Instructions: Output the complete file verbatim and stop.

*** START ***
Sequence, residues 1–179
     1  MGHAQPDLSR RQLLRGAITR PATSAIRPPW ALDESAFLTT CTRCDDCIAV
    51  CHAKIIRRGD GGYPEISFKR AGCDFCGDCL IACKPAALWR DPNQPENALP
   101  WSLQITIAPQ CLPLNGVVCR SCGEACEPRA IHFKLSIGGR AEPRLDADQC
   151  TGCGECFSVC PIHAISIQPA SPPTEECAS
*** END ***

Sequence, residues 1–179
     1  MGHAQPDLSR RQLLRGAITR PATSAIRPPW ALDESAFLTT CTRCDDCIAV
    51  CHAKIIRRGD GGYPEISFKR AGCDFCGDCL IACKPAALWR DPNQPENALP
   101  WSLQITIAPQ CLPLNGVVCR SCGEACEPRA IHFKLSIGGR AEPRLDADQC
   151  TGCGECFSVC PIHAISIQPA SPPTEECAS